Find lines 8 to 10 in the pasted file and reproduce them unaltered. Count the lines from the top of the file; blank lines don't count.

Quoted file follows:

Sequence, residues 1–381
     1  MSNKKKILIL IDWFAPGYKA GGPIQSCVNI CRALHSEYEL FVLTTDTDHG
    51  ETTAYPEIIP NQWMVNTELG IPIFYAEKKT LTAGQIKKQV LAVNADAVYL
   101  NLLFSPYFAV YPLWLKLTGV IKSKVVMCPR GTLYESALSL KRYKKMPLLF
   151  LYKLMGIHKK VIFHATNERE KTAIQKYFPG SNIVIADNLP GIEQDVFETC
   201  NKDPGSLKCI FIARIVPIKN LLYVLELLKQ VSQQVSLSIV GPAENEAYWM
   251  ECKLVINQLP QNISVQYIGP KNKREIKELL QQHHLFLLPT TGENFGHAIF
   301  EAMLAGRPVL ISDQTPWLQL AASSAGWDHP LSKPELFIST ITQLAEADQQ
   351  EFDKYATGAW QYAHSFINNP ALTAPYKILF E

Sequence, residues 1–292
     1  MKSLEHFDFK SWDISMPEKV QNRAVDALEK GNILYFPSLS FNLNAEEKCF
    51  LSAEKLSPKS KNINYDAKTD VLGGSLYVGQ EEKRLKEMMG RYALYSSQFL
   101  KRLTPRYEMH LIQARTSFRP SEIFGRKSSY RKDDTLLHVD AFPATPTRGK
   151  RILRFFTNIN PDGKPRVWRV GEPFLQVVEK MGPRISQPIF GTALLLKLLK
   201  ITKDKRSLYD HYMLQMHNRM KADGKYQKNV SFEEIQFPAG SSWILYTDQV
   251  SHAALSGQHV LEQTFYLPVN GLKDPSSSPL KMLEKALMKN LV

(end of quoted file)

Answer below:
   301  EAMLAGRPVL ISDQTPWLQL AASSAGWDHP LSKPELFIST ITQLAEADQQ
   351  EFDKYATGAW QYAHSFINNP ALTAPYKILF E

Sequence, residues 1–292